We throw two conventional dice, and ask the probablity of the following event:

  • The main probability $p_m$ to compute is composed of two sub-events: first sub-event, having either of the two dice with a value of 1 or 4, and second sub-event: the two taking values 1 and 4 at the same time.

So I'm trying to compute the probability of either of these two sub-events occuring. My attempt:

  • First subevent: for a single die, the probability of either 1 or 4 is 1/6. For two dice, we have 36 outcomes, 6 ways (1,x) can occur, x can be any value, similarly 6 ways (4,x), and because we have two dice, both are multiplied by two, so finally the probablity of subevent one is: $$p_1=\frac{2*6+2*6}{36}\approx 0.66$$
  • For the second subevent: there are two ways 1 and 4 can occur at the same time, that is, (1,4) or (4,1) so $p_2 = 2/36 \approx 0.05$
  • Finally for the main event, $p_m = p_1+p_2 \approx 0.71.$ Is the estimation correct? Have I gone wrong somewhere with the composition of probabilities?

Note: we assume the two dice are indistinguishable.


You're counting event 2 in your event 1. You are also double counting the cases where the 2 dice have the same value.

In your calculation for event 1 you said dice 2 can have any value (6 possible) after choosing 1 value for dice 1, this includes the cases where they are both equal. By adding these probabilities twice (for 2 dice), you've doubly counted the probability that they are equal.

Note that letting dice 2 have any value in your calculation for event 1 means you also include the cases where one dice is 1 and the other is 4.

You can either subtract the intersection, or you can make up new independent events. Or you can split the events up into the possible cases.

I'll show you a solution using the classic definition of probability: satisfactory cases/total amount of possible cases

Event 1:

4 cases where dice 1 has value 1 and dice 2 has a value that isn't 1 nor 4.

4 cases where dice 1 has value 4 and dice 2 has a value that isn't 1 nor 4.

These 8 cases go both ways (swap the values of the 2) thus you have 2*8 = 16 cases like this.

There's also 2 cases where these dice share values. (both are 4 or both are 1)

In total 18 cases to satisfy the condition for event 1.

Note that none of these cases include the event that both values 1,4 are present at the same time.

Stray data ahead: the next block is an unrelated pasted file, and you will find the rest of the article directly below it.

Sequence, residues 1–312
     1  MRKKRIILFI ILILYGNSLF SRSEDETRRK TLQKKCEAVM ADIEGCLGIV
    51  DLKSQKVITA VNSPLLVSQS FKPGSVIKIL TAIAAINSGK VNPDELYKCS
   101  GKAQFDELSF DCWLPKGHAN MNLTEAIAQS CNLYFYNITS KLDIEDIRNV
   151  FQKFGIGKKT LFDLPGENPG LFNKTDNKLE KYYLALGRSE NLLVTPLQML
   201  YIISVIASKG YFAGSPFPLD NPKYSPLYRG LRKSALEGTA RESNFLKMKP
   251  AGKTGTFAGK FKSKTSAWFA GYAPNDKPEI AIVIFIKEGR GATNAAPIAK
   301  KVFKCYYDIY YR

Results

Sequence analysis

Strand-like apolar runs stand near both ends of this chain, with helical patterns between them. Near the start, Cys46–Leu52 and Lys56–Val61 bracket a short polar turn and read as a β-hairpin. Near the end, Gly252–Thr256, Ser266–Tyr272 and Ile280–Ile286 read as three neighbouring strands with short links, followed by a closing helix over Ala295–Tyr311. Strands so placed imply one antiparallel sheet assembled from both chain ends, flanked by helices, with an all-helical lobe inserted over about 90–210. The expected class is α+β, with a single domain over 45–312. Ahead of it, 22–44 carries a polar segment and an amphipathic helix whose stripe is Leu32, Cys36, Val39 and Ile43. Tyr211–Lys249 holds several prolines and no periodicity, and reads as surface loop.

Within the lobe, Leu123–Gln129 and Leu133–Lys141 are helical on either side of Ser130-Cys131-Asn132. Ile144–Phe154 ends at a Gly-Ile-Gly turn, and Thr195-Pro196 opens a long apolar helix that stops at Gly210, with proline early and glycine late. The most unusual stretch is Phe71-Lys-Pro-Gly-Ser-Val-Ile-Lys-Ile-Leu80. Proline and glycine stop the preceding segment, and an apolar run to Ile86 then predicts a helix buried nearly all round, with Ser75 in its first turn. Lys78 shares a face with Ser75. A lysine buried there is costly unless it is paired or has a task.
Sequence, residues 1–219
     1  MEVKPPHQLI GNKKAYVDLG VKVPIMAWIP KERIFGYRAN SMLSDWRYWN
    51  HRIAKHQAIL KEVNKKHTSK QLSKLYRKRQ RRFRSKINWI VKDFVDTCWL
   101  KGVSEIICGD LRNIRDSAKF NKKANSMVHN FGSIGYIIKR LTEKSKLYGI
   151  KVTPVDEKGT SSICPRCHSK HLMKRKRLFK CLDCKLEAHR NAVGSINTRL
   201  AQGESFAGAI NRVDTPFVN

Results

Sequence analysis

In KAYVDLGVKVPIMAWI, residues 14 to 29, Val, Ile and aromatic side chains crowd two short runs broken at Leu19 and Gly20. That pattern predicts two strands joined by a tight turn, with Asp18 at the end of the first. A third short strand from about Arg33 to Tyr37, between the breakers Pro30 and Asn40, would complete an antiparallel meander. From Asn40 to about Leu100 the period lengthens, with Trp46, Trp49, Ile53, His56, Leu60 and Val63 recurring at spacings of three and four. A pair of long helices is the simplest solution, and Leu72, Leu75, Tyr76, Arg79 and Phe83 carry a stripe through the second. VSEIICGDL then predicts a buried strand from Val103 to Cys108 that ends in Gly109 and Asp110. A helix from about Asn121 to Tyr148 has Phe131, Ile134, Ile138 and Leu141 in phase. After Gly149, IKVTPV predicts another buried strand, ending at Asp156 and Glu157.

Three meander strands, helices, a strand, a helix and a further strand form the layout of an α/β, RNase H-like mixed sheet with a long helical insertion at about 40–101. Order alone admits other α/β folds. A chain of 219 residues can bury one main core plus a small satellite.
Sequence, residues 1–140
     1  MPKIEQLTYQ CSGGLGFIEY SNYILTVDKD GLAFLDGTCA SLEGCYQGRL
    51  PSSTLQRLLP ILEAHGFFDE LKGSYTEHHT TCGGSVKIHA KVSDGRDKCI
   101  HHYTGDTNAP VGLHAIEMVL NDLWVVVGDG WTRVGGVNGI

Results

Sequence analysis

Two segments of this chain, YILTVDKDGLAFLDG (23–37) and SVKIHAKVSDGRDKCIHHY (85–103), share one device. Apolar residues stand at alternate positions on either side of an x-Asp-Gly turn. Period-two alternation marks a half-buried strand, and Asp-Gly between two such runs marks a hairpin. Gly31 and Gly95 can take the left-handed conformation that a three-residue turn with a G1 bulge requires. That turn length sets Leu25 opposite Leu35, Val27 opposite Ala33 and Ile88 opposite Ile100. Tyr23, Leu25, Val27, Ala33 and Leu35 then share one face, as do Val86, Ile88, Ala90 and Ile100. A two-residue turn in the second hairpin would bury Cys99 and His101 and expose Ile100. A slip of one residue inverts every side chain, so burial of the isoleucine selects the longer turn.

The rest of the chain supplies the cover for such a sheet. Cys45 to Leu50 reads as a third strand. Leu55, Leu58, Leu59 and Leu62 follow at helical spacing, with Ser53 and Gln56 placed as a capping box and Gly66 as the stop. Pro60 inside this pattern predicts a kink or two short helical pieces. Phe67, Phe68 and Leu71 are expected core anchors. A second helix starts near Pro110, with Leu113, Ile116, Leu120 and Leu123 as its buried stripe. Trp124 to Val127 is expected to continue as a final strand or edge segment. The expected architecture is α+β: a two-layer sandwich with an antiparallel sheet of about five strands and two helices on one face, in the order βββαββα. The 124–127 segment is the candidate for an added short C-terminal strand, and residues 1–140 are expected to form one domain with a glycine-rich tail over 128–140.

Event 2:

1 case where dice 1 has value 1 and dice 2 has value 4

1 case where dice 1 has value 4 and dice 2 has value 1.

So you have 2 cases for event 2.

Note that these 2 cases can't possibly happen at the same time as the previous counted ones, they are disjoint cases, so now to get the total probability, you add all the cases that satisfy these conditions and divide by total amount of possible cases.

Divide by total amount of possible cases (6^2) and you get (18+2)/36 = 20/36.

  • $\begingroup$ Thanks for the answer, Im reading it now, to be clear: I do not care which dice is 1 or 4 in event one, as long as one is either. That's why I thought I should double count. $\endgroup$ – user929304 Aug 25 '16 at 13:31
  • $\begingroup$ By double counted I mean you counted the cases (1, 1), (4, 4) four times. there are only 2 such cases. Your calculation double counts this because (2 * 6) already includes both these cases and then you add 2 * 6 together, giving you a count of 4 for those cases. $\endgroup$ – user3284549 Aug 25 '16 at 13:33
  • $\begingroup$ ah yes, by the way, in the second line of Event 1:, you meant to write: 4 cases where dice 1 has value 4 and .... , right? $\endgroup$ – user929304 Aug 25 '16 at 13:37
  • $\begingroup$ Yes, oops. Fixed that now. $\endgroup$ – user3284549 Aug 25 '16 at 13:39
  • $\begingroup$ With two dice with 6 sides, you have 6 possible matching pairs (1, 1), (2, 2), (3, 3), (4, 4), (5,5), (6,6). The answer is thus simply 36-6 = 30. $\endgroup$ – user3284549 Aug 25 '16 at 13:44

The two events are not independent, and hence you cannot just add the probabilities of the two events; you also need to subtract the probability of the intersection of the two events.

  • $\begingroup$ +1. Moreover, you double counted several cases when calculating $p_1$ (namely (1,1) and (4,4)) $\endgroup$ – H. Potter Aug 25 '16 at 12:57
  • $\begingroup$ Write alle possible outcomes in both events and find alle outcomes which are in both. This will be the intersection of the two events. $\endgroup$ – New_to_this Aug 25 '16 at 13:09

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